The communication bandwidth of your business often creates unintentional blind spots where what's occluded becomes more important than what is included.
Image by Gino Crescoli from Pixabay

Communication is about information. Namely, how much you can get ‘out there’ the moment it’s needed most so a decision can be made. It is logical then to want to get ‘out there’ as much information as possible as quickly as possible. In a purchase-decision-maker environment this is what Google calls “The Zero Moment Of Truth” (ZEMOT for short). 

It is reasonable therefore to want to increase the capacity of any communication channel you’re using to the max. But, maxing a channel’s information out poses an inherent problem that is only understood when we hark back to Claude Shannon’s groundbreaking and still brilliant paper that became the backbone of Information Theory as a subject: A Mathematical Theory Of Communication.

In it, Shannon, explains that the viability of any messaging channel exists in the trade-off between bandwidth (or capacity) and noise. Some of that noise is inherent, like static introduced in an analogue television signal, for instance, but some is created out of the communication itself. To give you a crass example, suppose I have just 60 seconds to get all the critical information you need in order to buy one of my books. Suppose, also, that under pressure I mentally stutter and add lots of “erms” and “like” in my speech. These words are just noise. If in a 250 word sentence (which is how many words I can read in a minute), under normal conditions I introduce just 10 instances of such noise words, you will probably barely notice it, but if working under pressure to maybe add another few words in my communication or deliver difficult concepts with unfamiliar to me words, I now add 25 – 30 instances of my mental stutter not only will you notice but I will have succeeded in making you question whether I know what I’m talking about at all.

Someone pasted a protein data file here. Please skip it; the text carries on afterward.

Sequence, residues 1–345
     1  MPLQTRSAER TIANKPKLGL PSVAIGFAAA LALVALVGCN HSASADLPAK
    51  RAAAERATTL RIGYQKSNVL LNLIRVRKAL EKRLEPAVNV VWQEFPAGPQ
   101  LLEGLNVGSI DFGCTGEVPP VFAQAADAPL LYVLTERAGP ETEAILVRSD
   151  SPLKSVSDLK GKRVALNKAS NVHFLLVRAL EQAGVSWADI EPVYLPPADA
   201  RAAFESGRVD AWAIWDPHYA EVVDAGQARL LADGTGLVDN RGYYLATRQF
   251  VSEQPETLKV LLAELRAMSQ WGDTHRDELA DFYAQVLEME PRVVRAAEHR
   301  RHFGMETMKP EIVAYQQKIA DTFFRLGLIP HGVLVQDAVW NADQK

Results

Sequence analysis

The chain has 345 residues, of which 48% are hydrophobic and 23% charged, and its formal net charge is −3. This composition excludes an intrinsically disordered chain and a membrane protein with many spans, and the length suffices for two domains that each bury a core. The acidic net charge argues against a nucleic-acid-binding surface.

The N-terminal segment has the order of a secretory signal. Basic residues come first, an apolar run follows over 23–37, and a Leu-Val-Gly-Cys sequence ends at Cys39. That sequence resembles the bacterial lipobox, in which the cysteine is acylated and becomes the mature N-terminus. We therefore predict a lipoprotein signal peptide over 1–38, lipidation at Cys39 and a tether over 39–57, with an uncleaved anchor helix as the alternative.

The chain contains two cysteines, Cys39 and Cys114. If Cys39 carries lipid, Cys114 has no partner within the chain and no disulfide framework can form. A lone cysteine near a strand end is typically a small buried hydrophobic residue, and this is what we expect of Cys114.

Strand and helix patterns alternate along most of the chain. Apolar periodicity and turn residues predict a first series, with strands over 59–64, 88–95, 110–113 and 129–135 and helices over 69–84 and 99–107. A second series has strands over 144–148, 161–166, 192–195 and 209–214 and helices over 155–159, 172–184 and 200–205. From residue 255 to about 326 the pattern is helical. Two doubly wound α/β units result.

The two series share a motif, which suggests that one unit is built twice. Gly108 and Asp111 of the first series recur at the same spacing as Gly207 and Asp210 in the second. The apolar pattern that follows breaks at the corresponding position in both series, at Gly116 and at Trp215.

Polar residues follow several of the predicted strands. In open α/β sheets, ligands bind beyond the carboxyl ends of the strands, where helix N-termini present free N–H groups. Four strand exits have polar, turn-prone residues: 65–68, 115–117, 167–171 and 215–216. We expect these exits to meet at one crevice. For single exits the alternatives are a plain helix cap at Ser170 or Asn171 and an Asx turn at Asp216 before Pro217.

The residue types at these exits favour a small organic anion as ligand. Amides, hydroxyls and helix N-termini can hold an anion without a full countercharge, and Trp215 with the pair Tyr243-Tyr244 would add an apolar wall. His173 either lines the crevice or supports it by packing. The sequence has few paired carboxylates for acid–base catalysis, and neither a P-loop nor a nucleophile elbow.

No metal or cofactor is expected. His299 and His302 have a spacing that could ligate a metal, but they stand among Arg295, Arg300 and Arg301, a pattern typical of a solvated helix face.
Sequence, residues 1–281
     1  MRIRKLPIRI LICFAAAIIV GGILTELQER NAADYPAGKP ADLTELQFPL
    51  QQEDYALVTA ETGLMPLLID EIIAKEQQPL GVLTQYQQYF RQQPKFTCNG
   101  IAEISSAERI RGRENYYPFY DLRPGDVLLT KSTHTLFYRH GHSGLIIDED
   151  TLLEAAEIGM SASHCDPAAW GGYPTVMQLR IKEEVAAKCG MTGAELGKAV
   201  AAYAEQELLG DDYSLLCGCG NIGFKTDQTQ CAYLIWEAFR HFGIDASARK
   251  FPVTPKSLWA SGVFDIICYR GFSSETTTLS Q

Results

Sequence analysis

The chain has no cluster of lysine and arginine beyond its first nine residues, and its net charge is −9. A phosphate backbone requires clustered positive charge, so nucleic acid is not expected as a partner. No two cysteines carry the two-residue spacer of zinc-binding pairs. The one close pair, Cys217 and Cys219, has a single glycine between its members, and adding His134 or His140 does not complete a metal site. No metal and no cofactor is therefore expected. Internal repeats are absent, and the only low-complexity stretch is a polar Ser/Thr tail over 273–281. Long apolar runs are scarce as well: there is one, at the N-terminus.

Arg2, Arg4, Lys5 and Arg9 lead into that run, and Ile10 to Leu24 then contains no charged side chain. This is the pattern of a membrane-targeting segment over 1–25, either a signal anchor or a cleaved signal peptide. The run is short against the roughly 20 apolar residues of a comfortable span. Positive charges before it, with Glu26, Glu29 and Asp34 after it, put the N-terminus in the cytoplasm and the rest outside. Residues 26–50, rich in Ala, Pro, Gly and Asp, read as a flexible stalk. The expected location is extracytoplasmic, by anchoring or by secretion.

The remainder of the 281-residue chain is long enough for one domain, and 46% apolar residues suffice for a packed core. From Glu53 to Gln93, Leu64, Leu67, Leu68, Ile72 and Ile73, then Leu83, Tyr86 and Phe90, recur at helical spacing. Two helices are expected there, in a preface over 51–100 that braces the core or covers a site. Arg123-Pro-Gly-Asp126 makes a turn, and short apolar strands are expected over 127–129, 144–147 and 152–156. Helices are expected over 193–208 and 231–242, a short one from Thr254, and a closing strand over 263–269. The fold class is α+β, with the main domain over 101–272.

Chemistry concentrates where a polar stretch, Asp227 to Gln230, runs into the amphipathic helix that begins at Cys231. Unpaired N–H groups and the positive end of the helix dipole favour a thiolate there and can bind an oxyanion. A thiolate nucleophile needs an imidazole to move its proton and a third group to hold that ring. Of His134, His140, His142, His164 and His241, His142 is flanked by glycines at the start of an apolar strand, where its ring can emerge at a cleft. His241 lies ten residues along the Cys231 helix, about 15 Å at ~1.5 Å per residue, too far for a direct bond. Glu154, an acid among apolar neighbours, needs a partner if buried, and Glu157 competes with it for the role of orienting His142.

This is what’s known as The Shannon Limit in communication. The point at which the effort to get information under there counteracts the effect it tries to achieve. Call it, trying too hard when it’s intentional. Many times however, like in my crass example above, it is unintentional and that’s when it becomes a sunglasses moment in your communication strategy.   

Such moments are not just conventional bottlenecks that stifle the amount of information you can get out, they’re true blindspots where the communication itself becomes the issue and we, often, fail to see it. Tellingly we fail to understand that what is unintentionally occluded suddenly becomes a stronger signal than what has been intentionally included. 



Go Deeper: 

Intentional book by David Amerland The Sniper Mind by David Amerland
Take Control Of Your Actions.    Make Better Decisions.